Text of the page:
A lawsuit filed on Monday in the U.S. District Court for the District of Columbia by five animal rights groups, says the USDA’s recent removal of web pages relating to animal welfare violates the agency’s 1996 Animal Welfare Act (AWA).
The groups, PETA, Beagle Freedom Project, Born Free USA, Massachusetts Society for the Prevention of Cruelty to Animals, public health advocacy group the Physicians Committee for Responsible Medicine and Harvard Animal Law & Policy Fellow Delcianna Winders, say the pages, which detailed thousands of records, are vital to public concerns about animal welfare issues, including violations at zoos, pet breeders, and research facilities.
Animal welfare issues are at an all-time high as consumers seek transparency and more humane treatment of animals in the food system, such as cage-free eggs and alternatives to gestation crates for pregnant sows. Consumer concern over animals used for fashion, entertainment, and research purposes mirror the growing trepidation over the treatment of livestock animals. Public pressures led to SeaWorld’s recent announcement that it would cease captive breeding of killer whales. And while Ringling Bros. says its recent decision to shutter its traveling circus was not a result of pressure over its treatment of captive animals, animal rights groups saw it as a victory directly related to public pressure and declining ticket sales.
Removing the animal welfare documents violates the Freedom of Information Act (FOIA), claims the lawsuit. Under FOIA regulations, certain government agencies, including the USDA, must make particular records available to the public as well as disclose additional records when requested under the FOIA rules.
“Congress enacted the AWA decades ago ‘to insure that animals intended for use in research facilities or for exhibition purposes or for use as pets are provided humane care and treatment,'” the groups noted in the filing.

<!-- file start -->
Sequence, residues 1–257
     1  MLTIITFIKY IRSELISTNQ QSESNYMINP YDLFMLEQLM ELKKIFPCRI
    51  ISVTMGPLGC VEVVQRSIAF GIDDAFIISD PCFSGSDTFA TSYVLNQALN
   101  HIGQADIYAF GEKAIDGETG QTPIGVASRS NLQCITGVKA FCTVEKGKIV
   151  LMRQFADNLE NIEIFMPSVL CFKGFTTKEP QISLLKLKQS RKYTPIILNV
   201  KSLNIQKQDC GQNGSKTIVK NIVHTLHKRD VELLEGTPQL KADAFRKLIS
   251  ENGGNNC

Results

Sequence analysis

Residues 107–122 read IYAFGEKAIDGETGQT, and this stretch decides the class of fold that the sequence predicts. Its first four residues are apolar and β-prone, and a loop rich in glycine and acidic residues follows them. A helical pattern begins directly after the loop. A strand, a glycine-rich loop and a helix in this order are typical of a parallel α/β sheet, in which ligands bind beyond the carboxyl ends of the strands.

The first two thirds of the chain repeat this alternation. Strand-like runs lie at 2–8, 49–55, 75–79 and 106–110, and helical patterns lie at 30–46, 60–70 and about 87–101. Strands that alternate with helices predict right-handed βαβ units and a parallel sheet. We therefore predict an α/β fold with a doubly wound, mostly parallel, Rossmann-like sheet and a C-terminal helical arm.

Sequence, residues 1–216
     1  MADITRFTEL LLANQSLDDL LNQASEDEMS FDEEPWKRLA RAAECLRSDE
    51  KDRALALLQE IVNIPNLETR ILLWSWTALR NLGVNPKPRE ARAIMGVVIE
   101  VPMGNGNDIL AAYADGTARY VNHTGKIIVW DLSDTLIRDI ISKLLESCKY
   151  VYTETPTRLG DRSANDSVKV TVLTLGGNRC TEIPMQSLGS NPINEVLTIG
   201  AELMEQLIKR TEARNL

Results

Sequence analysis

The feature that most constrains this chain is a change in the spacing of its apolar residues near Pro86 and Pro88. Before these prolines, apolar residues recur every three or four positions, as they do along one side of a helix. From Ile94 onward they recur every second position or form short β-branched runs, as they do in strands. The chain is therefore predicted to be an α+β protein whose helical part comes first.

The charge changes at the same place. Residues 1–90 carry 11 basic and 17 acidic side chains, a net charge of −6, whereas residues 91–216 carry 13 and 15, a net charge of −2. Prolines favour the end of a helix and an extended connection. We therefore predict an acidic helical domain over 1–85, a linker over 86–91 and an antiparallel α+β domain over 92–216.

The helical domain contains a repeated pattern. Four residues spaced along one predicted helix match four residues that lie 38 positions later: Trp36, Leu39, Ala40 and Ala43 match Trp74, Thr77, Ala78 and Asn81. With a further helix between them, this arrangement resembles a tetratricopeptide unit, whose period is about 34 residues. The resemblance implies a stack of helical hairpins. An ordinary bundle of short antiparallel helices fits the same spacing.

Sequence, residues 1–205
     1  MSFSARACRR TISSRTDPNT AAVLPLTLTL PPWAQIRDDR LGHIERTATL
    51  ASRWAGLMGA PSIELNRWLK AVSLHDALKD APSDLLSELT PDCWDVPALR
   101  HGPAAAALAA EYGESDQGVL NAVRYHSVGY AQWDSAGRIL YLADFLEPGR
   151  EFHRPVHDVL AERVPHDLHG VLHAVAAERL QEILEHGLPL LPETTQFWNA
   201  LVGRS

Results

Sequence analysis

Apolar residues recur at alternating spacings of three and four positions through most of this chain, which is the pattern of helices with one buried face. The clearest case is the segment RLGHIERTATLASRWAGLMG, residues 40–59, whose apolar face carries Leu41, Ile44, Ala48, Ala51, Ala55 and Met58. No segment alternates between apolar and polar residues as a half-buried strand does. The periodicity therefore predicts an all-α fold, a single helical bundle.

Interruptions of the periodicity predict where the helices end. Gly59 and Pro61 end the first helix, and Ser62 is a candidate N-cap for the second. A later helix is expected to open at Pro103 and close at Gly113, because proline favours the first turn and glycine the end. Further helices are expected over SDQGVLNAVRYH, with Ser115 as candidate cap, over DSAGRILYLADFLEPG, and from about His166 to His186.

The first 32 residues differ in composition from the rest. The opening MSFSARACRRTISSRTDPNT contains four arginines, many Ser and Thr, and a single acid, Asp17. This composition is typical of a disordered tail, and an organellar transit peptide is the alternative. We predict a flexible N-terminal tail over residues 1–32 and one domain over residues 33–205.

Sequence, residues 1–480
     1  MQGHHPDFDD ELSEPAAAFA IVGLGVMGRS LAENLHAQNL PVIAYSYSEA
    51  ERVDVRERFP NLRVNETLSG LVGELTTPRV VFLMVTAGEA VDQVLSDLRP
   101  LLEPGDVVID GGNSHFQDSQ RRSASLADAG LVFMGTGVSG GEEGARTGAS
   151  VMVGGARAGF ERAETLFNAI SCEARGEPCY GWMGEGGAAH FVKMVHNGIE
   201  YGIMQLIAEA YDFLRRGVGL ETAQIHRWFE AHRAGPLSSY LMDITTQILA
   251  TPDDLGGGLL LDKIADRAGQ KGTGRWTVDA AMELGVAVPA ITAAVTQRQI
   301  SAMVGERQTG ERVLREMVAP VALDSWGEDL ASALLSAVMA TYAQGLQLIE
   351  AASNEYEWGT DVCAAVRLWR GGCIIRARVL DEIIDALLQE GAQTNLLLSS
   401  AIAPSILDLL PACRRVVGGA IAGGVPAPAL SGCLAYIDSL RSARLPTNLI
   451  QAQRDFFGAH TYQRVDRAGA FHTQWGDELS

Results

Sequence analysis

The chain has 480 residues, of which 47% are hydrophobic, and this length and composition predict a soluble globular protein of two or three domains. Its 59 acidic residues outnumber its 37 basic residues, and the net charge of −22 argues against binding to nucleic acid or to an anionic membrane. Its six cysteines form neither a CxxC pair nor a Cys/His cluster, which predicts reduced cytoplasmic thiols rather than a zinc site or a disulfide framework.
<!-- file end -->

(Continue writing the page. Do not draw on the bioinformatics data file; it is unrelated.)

“Plaintiffs and others have also relied on such records to advocate for protection of animals used in research, exhibition, and the pet trade, and to petition the USDA to more diligently enforce the AWA, to promulgate standards for animal protection, and to formulate and institute policies and practices that will advance the protection of animals.”
But the agency claims the decision to take down the webpages “are not final.”
In a statement, USDA Spokeswoman Tanya Espinosa said adjustments
“may be made regarding information appropriate for release and posting.” The agency contends the decision was to protect the privacy of organizations and individuals, but that it also seeks to balance that protection with the public’s need for transparency. Espinosa noted FOIA requests would still be honored while the pages are disabled.
“Our lawsuit seeks to compel the USDA to reinstate the records, which it had no right to remove from its website in the first place,” plaintiff Winders said in a statement. “The government should not be in the business of hiding animal abusers and lawbreakers from public scrutiny.”
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